Carmen Quinones
Felix Rosado
The Women of El Barrio

Posted by Jose at 3:52 PM

March 25, 2002

Term Limits

Picture of artful watchMembers of the City Council have recently begun to question the current end of their terms in office. Leading the charge is Harlem's own, Councilman Bill Perkins.

Under the current law council members who were reelected in 2001 to a two year term would not be eligible to run in 2003 for a four year term. Councilman Perkins sees this as unfair. He says that members first elected in 1997 and reelected in 2001 would have a total of 6 years in office under the current law as oppose to a total of 8 years during a non redistricting years where all terms are four year terms. And when two terms will add up to 8 years in office.

Opponents of those leading the charge to change the current law say that this council members have always had shorter terms during the redistricting years after the census. They say that Councilman Perkins and others who want to change the law are only thinking of themselves and that it would take a vote on changing the City Charter to change the law.

But some council members believe that all it will take is a vote before the city council to allow the council members affected to allow them to run in 2003. If push comes to shove, this issue may end up in court. Pitting the city council against reformers.

Who is right? It well may be that if there is a vote on the City Charter, that you the voters will decide. But if you wish to put your two cents head over to the East Harlem Discussion Forum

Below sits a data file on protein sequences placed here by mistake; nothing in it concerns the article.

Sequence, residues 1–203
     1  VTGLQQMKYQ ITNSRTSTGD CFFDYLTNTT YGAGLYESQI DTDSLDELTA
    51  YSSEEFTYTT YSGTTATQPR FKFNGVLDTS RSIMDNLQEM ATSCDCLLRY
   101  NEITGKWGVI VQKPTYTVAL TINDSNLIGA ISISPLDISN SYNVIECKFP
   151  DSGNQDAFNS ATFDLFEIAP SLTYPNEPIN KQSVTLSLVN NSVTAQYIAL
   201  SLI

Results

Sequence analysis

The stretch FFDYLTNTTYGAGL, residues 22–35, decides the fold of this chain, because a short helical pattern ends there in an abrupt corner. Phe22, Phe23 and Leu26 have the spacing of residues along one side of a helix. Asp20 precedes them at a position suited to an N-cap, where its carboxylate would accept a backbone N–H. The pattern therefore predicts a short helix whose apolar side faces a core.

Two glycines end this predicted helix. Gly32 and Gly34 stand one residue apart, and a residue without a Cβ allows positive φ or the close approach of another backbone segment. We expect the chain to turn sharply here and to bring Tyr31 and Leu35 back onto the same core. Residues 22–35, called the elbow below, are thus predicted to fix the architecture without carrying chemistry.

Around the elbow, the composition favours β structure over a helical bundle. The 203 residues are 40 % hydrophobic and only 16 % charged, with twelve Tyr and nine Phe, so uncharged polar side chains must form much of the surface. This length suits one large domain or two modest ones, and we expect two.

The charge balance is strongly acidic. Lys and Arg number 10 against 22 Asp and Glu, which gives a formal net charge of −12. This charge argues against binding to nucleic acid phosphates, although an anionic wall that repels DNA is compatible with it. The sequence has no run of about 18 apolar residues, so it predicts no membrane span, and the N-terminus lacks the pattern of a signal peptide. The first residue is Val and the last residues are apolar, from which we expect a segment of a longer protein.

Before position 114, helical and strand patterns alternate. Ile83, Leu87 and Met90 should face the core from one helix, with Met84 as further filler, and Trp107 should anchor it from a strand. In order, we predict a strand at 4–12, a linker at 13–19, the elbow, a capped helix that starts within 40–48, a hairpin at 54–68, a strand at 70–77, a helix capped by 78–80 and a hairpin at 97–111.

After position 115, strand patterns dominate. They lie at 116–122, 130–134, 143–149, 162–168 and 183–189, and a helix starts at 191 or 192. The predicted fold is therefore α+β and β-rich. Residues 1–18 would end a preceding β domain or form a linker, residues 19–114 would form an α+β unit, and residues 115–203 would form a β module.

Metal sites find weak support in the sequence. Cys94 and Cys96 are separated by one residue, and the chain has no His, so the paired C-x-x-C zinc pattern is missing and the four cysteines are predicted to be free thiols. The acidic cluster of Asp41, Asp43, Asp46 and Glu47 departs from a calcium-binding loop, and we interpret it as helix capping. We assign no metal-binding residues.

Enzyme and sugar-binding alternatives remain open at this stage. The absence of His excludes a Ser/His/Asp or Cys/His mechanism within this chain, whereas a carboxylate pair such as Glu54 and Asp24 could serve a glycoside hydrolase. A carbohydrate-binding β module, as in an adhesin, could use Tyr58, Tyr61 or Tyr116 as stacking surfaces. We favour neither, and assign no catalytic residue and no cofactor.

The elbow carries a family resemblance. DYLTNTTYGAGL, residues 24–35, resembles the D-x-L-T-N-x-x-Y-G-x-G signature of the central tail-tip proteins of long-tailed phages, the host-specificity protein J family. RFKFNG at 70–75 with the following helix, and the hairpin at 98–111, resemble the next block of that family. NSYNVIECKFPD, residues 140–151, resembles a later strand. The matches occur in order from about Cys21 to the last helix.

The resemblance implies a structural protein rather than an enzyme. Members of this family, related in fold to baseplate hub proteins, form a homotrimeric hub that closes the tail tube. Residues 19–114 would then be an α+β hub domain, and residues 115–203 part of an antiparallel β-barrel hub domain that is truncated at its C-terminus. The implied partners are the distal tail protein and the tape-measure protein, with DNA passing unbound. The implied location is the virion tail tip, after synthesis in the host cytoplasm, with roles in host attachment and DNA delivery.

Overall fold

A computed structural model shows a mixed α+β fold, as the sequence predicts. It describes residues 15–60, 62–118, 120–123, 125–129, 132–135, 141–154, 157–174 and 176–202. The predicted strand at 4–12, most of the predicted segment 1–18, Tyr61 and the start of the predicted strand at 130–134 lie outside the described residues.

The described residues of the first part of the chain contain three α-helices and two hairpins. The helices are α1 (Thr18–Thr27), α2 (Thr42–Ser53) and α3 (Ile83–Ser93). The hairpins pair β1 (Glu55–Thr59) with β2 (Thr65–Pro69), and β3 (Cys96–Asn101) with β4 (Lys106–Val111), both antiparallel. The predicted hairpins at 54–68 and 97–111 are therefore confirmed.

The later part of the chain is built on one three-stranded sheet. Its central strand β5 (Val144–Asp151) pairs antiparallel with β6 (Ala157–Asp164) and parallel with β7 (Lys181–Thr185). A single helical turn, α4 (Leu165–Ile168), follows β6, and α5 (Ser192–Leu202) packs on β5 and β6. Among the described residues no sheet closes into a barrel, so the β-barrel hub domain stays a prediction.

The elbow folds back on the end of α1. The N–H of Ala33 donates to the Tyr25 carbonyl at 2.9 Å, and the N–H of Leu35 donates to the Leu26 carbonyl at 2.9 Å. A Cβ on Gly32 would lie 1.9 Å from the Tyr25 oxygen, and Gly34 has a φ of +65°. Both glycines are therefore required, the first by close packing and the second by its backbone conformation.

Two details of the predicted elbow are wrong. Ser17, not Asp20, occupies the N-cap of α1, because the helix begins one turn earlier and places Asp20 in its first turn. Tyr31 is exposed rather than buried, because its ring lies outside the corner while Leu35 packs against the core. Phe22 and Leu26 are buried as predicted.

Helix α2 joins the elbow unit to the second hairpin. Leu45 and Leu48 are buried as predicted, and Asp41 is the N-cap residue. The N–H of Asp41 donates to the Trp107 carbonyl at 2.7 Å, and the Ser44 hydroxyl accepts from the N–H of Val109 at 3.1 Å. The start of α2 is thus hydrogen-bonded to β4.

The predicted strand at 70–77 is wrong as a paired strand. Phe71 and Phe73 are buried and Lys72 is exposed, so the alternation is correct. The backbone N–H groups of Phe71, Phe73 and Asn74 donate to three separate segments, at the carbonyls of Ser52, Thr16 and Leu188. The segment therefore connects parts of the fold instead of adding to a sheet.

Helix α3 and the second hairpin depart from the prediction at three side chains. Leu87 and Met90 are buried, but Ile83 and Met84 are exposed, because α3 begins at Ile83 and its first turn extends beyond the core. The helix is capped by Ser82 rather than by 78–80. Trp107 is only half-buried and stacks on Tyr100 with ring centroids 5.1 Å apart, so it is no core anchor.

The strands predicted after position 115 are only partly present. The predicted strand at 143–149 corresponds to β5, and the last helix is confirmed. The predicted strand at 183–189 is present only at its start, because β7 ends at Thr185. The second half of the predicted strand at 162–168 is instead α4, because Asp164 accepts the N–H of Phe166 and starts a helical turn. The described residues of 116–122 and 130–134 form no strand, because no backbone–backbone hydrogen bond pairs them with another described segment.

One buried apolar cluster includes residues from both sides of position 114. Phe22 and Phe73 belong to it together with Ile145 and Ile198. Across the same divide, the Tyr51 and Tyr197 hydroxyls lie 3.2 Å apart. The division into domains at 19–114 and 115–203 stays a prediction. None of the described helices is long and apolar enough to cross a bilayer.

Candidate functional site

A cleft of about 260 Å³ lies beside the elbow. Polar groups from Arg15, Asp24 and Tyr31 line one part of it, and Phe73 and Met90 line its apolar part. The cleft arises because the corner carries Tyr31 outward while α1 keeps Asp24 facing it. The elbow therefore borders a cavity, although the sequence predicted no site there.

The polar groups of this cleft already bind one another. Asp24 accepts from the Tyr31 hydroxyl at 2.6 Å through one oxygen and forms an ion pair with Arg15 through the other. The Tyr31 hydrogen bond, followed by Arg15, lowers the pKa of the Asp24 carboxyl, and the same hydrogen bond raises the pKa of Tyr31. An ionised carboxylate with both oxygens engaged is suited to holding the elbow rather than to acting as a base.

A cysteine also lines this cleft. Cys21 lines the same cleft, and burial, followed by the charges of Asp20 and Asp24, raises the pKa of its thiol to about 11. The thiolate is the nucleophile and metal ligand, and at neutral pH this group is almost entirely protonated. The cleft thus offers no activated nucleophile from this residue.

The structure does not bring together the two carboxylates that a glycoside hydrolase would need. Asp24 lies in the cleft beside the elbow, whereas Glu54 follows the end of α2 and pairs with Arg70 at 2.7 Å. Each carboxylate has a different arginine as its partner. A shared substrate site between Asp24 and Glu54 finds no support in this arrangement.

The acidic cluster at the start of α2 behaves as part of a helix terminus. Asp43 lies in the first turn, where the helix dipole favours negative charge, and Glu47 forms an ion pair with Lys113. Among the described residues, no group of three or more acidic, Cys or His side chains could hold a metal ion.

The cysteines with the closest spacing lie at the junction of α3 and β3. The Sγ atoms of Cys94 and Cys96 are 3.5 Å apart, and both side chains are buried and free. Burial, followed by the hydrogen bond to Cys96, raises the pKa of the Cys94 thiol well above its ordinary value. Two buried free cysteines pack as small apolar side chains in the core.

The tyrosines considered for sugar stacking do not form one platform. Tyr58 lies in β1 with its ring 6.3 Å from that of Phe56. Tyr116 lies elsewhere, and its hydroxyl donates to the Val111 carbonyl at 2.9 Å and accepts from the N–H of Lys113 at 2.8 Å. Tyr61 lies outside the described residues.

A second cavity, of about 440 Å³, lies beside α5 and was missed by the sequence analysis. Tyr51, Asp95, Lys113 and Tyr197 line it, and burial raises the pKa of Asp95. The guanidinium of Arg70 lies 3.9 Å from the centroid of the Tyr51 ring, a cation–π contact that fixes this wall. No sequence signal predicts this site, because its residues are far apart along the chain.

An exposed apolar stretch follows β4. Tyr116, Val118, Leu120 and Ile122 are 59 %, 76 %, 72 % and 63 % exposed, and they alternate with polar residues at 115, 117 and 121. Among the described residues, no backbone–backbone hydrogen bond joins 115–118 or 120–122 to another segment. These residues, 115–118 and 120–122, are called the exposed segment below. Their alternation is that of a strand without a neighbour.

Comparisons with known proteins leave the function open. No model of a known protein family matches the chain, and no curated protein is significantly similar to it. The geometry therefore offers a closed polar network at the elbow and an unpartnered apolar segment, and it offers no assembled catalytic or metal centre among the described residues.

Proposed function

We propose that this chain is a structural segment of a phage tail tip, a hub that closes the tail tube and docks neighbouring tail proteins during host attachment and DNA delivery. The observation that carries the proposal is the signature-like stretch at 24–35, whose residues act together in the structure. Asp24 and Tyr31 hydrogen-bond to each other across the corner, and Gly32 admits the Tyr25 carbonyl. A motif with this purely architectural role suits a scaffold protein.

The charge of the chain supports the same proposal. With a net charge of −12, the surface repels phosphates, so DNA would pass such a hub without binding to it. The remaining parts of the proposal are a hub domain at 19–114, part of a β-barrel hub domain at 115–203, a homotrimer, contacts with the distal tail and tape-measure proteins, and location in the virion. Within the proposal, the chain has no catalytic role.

Posted by Jose at 12:25 PM

March 17, 2002

State Senate Race 2003

Picture of the three candidates for State Senate, Senator Olga Mendez, Dem. District Leader, Felix Rosado, and Malin Falu.The 2002 East Harlem State Senate Race
East Harlem, March 17, 2002 - It looks like the East Harlem State Senate race is beginning to heat up earlier than usual with the news that Spanish radio personality Malin Falu may enter the race against State Senator Olga Mendez.

Falu, a popular figure in her own right, may pose the first serious challenge to State Senator Mendez since Felix Rosado began running against Mendez in the early 90s'

Falu has stated that "It's time for a change", and that 24 years is enough time in office. She argues that East Harlem needs new blood to facilitate change in the community.

Democratic District Leader Felix Rosado countered that he would be the best candidate against Mendez and that Falu has no "history" in the community, and that Falu does not even live in the community.

Senator Mendez feels that she has strong support in the community and that it will take more than a new comer to knock her out of office. She mentioned her long career in the state senate and her history of helping the community through legislation and through her own influence. Her seniority in the state senate is also a plus.